After spending a couple years in Waterloo studying at UW, I have realized that the environment and the overall atmosphere of the town greatly impacts my personality, the way I think, and my attitude towards things in general. Undoubtedly, every program at UW has its own challenges, and the difficulty of courses only increases as one progresses through university. Adding to this rising difficulty is the fact that classes have now been moved online, making things harder for students in a myriad of ways—it just isn’t the same as in-person education and will take some effort from students to get accustomed to.
Recently, I felt like life was getting a bit more challenging due to aforementioned factors. I began digging into myself and figuring out ways to expand my knowledge of philosophies and ways of life—consequently, I began reading a lot of books, one of which really caught my eye—Ikigai. The book is primarily concerned with ideas on how to live a long and happy life, however, I believe that certain parts of this book gave me a lot of insight on how to deal with the challenges I will face, academically, professionally, or otherwise, with a sturdy rationale. For this reason, I believe it is relevant, to some extent, for students at UW.
The word ‘Ikigai,’ roughly translated from Japanese, means ‘reason to be.’ It captures the idea of having something in your life that gets one out of bed early everyday, and something one can always pursue , no matter what might be going on with one’s life . The process of finding one’s Ikigai could be an arduous one , but it will inevitably be found, and it could change from time to time as well—many aspects of this are covered broadly in the book.
Another insightful part of the book talks about the idea of flow, which entails completely immersing oneself in the task at hand, without worrying about anything else going on around them. Naturally, such a state of mind breeds creativity, productivity, pleasure, and satisfaction. Being in university, having a state of mind akin to this is greatly beneficial to learning and the retention of knowledge. Having an unrestricted creative space for the brain to operate in brings forth opportunities for innovation. It has helped me gain a deeper understanding of many things and how they complement one another in the world. According to the book, training the mind to constantly operate in flow has a lot of mental health benefits, which include a minimization of anxiety and other detractors. For students at UW, I think it could be extremely beneficial to get used to flowing with every task at hand, since it is not uncommon that many experience anxiety and dejection in the face of certain massive course-loads; it has certainly helped me develop a new outlook on things which makes me feel more in control of everything that happens to me.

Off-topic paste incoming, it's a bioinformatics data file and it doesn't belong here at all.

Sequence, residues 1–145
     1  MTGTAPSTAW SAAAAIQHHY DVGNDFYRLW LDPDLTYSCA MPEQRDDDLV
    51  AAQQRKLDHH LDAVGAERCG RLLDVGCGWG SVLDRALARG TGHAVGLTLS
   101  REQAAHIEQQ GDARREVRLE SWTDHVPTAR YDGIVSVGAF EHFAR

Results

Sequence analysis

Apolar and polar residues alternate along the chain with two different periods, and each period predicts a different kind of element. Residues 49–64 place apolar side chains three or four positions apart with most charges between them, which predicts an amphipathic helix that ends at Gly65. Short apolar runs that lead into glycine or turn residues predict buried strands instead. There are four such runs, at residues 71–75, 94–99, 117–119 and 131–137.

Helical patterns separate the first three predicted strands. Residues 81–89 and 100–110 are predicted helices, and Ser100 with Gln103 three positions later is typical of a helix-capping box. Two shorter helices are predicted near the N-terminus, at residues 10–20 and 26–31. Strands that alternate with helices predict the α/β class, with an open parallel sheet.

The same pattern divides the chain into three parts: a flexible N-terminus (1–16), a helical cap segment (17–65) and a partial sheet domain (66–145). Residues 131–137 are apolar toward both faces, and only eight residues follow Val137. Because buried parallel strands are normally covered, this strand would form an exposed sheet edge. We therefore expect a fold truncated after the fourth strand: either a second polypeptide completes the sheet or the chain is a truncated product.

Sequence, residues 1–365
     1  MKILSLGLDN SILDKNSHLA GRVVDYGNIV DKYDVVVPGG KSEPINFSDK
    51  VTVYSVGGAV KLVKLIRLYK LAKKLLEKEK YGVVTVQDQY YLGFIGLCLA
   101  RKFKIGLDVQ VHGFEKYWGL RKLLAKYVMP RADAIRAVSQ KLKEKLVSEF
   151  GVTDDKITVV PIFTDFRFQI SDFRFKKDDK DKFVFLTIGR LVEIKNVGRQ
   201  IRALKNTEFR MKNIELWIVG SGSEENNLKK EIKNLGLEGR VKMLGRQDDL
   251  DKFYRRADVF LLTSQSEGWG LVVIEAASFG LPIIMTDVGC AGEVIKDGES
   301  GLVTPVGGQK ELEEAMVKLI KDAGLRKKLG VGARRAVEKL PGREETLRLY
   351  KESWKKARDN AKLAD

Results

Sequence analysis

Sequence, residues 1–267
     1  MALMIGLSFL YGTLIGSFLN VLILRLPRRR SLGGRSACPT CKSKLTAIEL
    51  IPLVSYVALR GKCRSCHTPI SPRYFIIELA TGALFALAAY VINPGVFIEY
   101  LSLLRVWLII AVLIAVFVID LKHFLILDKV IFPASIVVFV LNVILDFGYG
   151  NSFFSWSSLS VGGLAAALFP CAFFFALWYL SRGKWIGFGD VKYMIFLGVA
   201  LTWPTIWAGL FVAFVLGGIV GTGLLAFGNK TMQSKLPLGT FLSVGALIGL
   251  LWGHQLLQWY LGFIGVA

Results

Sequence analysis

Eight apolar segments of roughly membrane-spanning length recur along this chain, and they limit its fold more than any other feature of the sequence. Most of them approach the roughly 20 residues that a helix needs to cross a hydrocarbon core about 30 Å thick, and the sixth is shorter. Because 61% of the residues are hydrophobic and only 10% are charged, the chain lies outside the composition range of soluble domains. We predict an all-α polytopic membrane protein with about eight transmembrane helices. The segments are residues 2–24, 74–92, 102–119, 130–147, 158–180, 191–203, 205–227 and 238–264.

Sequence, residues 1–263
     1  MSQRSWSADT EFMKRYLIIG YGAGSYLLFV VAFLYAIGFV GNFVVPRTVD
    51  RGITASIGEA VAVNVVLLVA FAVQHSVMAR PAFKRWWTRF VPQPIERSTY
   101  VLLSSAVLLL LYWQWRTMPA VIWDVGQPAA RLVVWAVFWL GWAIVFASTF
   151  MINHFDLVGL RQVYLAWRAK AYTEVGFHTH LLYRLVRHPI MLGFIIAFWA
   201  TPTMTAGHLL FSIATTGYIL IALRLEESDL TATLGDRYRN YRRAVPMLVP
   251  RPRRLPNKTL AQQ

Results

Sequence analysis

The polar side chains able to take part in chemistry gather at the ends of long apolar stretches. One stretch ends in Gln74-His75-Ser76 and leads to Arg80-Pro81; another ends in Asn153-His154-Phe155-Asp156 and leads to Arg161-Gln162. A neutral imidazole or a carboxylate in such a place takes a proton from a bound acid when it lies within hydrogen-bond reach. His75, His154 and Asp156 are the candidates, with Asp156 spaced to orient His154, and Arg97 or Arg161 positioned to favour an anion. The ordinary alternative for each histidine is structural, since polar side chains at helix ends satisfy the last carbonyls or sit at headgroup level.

Apart from this, the book details dietary practices and other lifestyle modifications based on East Asian knowledge that can help achieve flow easily and further help with slowing down the process of aging—something that stress catalyzes rapidly. Overall, I think I got a lot out of the book, which has definitely brought my mind to a peace and made me more productive, without worrying about my courses or anything else for that matter. That said, I strongly recommend this book to everyone (at least certain parts of it); and, hopefully, you will be able to take something constructive from the book and incorporate it in whatever way seems meaningful to you.